Did you know that a third of American workers are considering quitting their jobs? According to a survey of 2400 workers, 32% are given serious thought to leaving their current positions. Another 21% do not view their employers favorably and don’t feel engaged at work.
Today’s workers are feeling less attached to their respective organizations or companies emotionally and psychologically. Given the current economic conditions, and depending on whose unemployment figures you follow, between nine and 17% of American workers are out of work altogether. Given those statistics, most would be better off keeping their present jobs. However, there are circumstances and situations when you must quit your job. Let’s take a look at a few reasons it is okay to quit your job
Years ago I was involved in a successful service agency business with a family member. Business was good, we were profitable, and the future looked bright. However, there was one problem that I could not overcome. My business partner became increasingly unethical in his business practices. At some point in time all of us must decide which direction we will take. He chose a direction that made it impossible for me to stay involved in the business. I sold my interest in the company, and moved on. Leaving your job because of ethical issues is a legitimate reason to move on.
Job Related Stress
Do you ever arrive at work and from the moment you step in the door you are truly miserable? Often, people will hold on to a job, even though they are not happy. Many workers simply are in a position where they do not feel like they are having an impact, or they are simply in the wrong job for their skill set. Stress is bad for you physically in any environment. Job related stress can lead to more serious issues. You must remind yourself that no matter the position or the compensation, your emotional and physical well-being is more important. If you find yourself stressed because of work, it is time to move on.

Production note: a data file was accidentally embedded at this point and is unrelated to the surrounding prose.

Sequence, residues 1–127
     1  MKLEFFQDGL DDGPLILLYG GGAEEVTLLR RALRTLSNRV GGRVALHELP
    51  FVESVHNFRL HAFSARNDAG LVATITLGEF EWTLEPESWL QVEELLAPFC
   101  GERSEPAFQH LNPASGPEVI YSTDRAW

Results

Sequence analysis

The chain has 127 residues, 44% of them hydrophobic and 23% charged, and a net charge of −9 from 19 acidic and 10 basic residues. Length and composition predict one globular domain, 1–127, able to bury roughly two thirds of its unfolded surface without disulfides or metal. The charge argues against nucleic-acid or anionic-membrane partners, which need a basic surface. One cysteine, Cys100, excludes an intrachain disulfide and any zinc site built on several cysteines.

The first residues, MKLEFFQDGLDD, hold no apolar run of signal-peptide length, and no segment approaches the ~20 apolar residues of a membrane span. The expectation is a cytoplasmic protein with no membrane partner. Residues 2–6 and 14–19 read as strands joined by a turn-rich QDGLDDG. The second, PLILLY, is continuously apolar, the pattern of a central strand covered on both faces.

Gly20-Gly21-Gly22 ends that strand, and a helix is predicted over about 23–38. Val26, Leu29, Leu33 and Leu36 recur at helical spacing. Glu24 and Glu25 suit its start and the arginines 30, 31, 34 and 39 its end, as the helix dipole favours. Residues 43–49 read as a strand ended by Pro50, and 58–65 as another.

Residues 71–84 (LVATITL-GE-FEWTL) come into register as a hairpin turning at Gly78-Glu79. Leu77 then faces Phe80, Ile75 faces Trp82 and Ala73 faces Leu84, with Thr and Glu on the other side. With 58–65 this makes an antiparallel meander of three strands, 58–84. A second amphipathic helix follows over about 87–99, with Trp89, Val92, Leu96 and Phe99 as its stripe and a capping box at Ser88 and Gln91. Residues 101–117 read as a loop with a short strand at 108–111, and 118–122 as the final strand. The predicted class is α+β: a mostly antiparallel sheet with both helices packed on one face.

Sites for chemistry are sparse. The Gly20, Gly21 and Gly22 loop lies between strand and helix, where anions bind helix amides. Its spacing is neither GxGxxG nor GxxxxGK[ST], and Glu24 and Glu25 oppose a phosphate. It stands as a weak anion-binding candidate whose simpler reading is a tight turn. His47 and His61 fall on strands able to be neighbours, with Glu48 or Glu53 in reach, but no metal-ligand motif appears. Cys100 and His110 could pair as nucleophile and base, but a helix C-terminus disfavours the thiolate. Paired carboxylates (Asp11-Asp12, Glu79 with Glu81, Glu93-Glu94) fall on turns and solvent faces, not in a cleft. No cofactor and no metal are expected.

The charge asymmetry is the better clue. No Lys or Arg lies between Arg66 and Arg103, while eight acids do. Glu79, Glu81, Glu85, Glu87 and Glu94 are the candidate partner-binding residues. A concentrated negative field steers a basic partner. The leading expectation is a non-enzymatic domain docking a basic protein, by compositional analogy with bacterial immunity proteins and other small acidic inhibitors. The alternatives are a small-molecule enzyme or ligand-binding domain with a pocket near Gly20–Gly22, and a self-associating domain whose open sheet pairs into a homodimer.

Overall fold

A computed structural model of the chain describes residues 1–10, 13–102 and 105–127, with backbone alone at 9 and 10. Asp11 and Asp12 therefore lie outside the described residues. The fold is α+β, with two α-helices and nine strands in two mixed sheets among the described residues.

Your Company Is Failing
Many times we are put in the position where we know the ins and outs of our companies finances. You may overhear company executives in a conversation that confirms what you already know. The company you work for is in dire straits financially. Do not wait to make a decision to find a new job. It makes no sense to go down with a sinking ship that you knew was thinking all along. Begin to prepare a resume. Use your connections to find a new employer as soon as possible.
Planning to Quit your Job
I talked with a successful business woman the other day. She related a story to me about when she decided to leave her job. She earns a six-figure income and by her own admission had to do very little work. She had no issues with the company ethically, in fact she admired the way the company went about their business. The company was successful and she felt no stress. What she did feel, was unfulfilled.
Does being unfulfilled in your job give you a reason to quit? Yes it does, however you should plan your departure when you have an opportunity to do so. She told me that she began to her exit strategy two years I had of her actual resignation. She began to save money. She started a business in the hours that she was not working her day job.
The business established itself and was making a little money and she eventually resigned her job. The bottom line is she had a plan to leave her job and she executed her plan. She is now the CEO of her own company and is quite fulfilled and happy.
So there are reasons to leave your job and there are more reasons than the ones we have listed here. Always look towards the future before you make a hasty decision today about your employment. Finding new jobs that fit your criteria for income and your skill set are not easy in today’s economy. I like the idea of being able to plan an exit strategy with your present employer. What do you think?